3. Nakanishi, K., Fukai, S., Ikeuchi, Y., Soma, A., Sekine, Y., Suzuki, T. and Nureki, O. Structural basis for lysidine formation by ATP pyrophosphatase accompanied by a lysine-specific loop and a tRNA-recognition domain. Proc. Natl. Acad. Sci. USA 102 (2005) 7487-7492. [PMID: 15894617]

4. Soma, A., Ikeuchi, Y., Kanemasa, S., Kobayashi, K., Ogasawara, N., Ote, T., Kato, J., Watanabe, K., Sekine, Y. and Suzuki, T. An RNA-modifying enzyme that governs both the codon and amino acid specificities of isoleucine tRNA. Mol. Cell 12 (2003) 689-698. [PMID: 14527414]

5. Nakanishi, K., Bonnefond, L., Kimura, S., Suzuki, T., Ishitani, R. and Nureki, O. Structural basis for translational fidelity ensured by transfer RNA lysidine synthetase. Nature 461 (2009) 1144-1148. [PMID: 19847269]

[EC 6.3.4.19 created 2011]

EC 6.3.4.20

Accepted name: 7-cyano-7-deazaguanine synthase

Reaction: 7-carboxy-7-carbaguanine + NH3 + ATP = 7-cyano-7-carbaguanine + ADP + phosphate + H2O

For diagram of reaction click here.

Glossary: preQ0 = 7-cyano-7-carbaguanine = 7-cyano-7-deazaguanine
7-carboxy-7-carbaguanine = 7-carboxy-7-deazaguanine

Other name(s): preQ0 synthase; 7-cyano-7-carbaguanine synthase; queC (gene name)

Systematic name: 7-carboxy-7-carbaguanine:ammonia ligase (ADP-forming)

Comments: Binds Zn2+. The reaction is part of the biosynthesis pathway of queuosine.

Links to other databases: BRENDA, EXPASY, KEGG, Metacyc, PDB, CAS registry number:

References:

1. McCarty, R.M., Somogyi, A., Lin, G., Jacobsen, N.E. and Bandarian, V. The deazapurine biosynthetic pathway revealed: in vitro enzymatic synthesis of preQ0 from guanosine 5'-triphosphate in four steps. Biochemistry 48 (2009) 3847-3852. [PMID: 19354300]

2. Cicmil, N. and Huang, R.H. Crystal structure of QueC from Bacillus subtilis: an enzyme involved in preQ1 biosynthesis. Proteins 72 (2008) 1084-1088. [PMID: 18491386]

[EC 6.3.4.20 created 2012]

EC 6.3.4.21

Accepted name: nicotinate phosphoribosyltransferase

Reaction: nicotinate + 5-phospho-α-D-ribose 1-diphosphate + ATP + H2O = β-nicotinate D-ribonucleotide + diphosphate + ADP + phosphate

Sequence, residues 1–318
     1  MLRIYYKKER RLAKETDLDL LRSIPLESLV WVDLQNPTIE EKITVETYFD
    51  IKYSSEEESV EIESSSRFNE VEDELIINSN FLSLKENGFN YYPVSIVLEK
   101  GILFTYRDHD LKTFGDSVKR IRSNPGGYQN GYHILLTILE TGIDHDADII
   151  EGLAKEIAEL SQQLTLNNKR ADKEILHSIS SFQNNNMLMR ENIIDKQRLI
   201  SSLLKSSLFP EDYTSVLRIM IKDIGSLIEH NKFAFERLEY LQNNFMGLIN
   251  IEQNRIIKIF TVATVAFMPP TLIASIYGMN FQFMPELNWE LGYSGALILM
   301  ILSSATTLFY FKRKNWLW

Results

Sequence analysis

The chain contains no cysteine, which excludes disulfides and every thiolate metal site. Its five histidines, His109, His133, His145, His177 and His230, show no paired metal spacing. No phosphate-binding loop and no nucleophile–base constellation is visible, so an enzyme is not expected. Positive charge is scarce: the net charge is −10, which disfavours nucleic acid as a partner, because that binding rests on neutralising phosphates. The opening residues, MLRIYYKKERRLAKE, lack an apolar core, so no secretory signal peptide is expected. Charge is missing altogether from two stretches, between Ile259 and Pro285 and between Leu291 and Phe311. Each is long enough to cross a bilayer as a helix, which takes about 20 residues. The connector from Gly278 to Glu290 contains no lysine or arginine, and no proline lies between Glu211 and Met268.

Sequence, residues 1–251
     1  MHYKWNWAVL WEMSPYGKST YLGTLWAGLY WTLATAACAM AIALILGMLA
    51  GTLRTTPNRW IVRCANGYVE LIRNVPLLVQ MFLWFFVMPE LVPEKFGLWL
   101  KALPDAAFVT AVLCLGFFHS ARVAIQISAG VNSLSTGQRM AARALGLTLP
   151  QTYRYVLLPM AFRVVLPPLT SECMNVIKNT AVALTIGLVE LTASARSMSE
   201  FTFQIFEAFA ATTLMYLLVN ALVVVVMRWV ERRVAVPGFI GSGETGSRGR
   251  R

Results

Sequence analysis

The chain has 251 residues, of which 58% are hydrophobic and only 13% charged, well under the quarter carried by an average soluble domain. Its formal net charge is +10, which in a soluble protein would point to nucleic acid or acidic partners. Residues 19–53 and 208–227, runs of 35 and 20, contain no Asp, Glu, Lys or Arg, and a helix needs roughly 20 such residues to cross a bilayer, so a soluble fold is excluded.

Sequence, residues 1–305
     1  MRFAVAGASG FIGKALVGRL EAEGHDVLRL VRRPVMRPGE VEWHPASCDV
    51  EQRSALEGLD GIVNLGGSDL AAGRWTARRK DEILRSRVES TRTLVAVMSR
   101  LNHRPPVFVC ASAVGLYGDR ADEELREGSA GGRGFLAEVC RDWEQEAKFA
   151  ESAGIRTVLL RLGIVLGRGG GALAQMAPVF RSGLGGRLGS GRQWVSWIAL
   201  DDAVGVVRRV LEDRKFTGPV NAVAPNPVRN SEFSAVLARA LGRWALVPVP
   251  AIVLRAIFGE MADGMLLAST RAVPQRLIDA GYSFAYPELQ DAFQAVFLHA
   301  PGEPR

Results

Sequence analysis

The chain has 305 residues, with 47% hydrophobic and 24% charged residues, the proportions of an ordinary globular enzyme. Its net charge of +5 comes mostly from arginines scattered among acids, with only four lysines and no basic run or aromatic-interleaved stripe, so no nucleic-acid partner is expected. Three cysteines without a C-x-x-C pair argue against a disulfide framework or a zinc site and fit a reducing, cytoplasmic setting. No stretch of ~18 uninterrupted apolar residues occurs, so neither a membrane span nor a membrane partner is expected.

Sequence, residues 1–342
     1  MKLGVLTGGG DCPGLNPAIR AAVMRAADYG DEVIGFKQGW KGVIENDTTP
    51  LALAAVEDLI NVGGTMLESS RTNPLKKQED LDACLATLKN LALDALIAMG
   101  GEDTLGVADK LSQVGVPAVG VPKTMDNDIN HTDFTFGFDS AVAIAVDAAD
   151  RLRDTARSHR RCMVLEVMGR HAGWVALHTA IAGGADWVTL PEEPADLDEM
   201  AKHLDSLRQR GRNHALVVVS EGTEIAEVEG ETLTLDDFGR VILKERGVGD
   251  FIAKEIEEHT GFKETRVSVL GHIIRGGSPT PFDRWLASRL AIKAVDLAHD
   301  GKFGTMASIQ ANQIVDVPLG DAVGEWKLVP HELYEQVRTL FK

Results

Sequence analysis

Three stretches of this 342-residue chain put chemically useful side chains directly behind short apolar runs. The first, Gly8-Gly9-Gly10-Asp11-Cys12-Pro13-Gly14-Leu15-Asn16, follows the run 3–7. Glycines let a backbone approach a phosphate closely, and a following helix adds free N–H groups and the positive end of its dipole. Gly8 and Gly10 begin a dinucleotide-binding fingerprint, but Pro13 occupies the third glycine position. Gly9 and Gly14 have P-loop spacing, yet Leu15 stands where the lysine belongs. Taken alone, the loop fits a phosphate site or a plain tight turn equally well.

For diagram of reaction click here.

Other name(s): niacin ribonucleotidase; nicotinic acid mononucleotide glycohydrolase; nicotinic acid mononucleotide pyrophosphorylase; nicotinic acid phosphoribosyltransferase; nicotinate-nucleotide:diphosphate phospho-α-D-ribosyltransferase

Systematic name: 5-phospho-α-D-ribose 1-diphosphate:nicotinate ligase (ADP, diphosphate-forming)

Comments: The enzyme, which is involved in pyridine nucleotide recycling, can form β-nicotinate D-ribonucleotide and diphosphate from nicotinate and 5-phospho-α-D-ribose 1-diphosphate (PRPP) in the absence of ATP. However, when ATP is available the enzyme is phosphorylated resulting in a much lower Km for nicotinate. The phospho-enzyme is hydrolysed during the transferase reaction, regenerating the low affinity form. The presence of ATP shifts the products/substrates equilibrium from 0.67 to 1100 [4].

Links to other databases: BRENDA, EXPASY, KEGG, Metacyc, CAS registry number: 9030-26-6

References:

1. Imsande, J. Pathway of diphosphopyridine nucleotide biosynthesis in Escherichia coli. J. Biol. Chem. 236 (1961) 1494-1497. [PMID: 13717628]

2. Imsande, J. and Handler, P. Biosynthesis of diphosphopyridine nucleotide. III. Nicotinic acid mononucleotide pyrophosphorylase. J. Biol. Chem. 236 (1961) 525-530. [PMID: 13717627]

3. Kosaka, A., Spivey, H.O. and Gholson, R.K. Nicotinate phosphoribosyltransferase of yeast. Purification and properties. J. Biol. Chem. 246 (1971) 3277-3283. [PMID: 4324895]

4. Vinitsky, A. and Grubmeyer, C. A new paradigm for biochemical energy coupling. Salmonella typhimurium nicotinate phosphoribosyltransferase. J. Biol. Chem. 268 (1993) 26004-26010. [PMID: 7503993]

[EC 6.3.4.21 created 1961 as EC 2.4.2.11, transferred 2013 to EC 6.3.4.21]

EC 6.3.4.22

Accepted name: tRNAIle2-agmatinylcytidine synthase

Reaction: ATP + agmatine + [tRNAIle2]-cytidine34 + H2O = [tRNAIle2]-2-agmatinylcytidine34 + AMP + 2 phosphate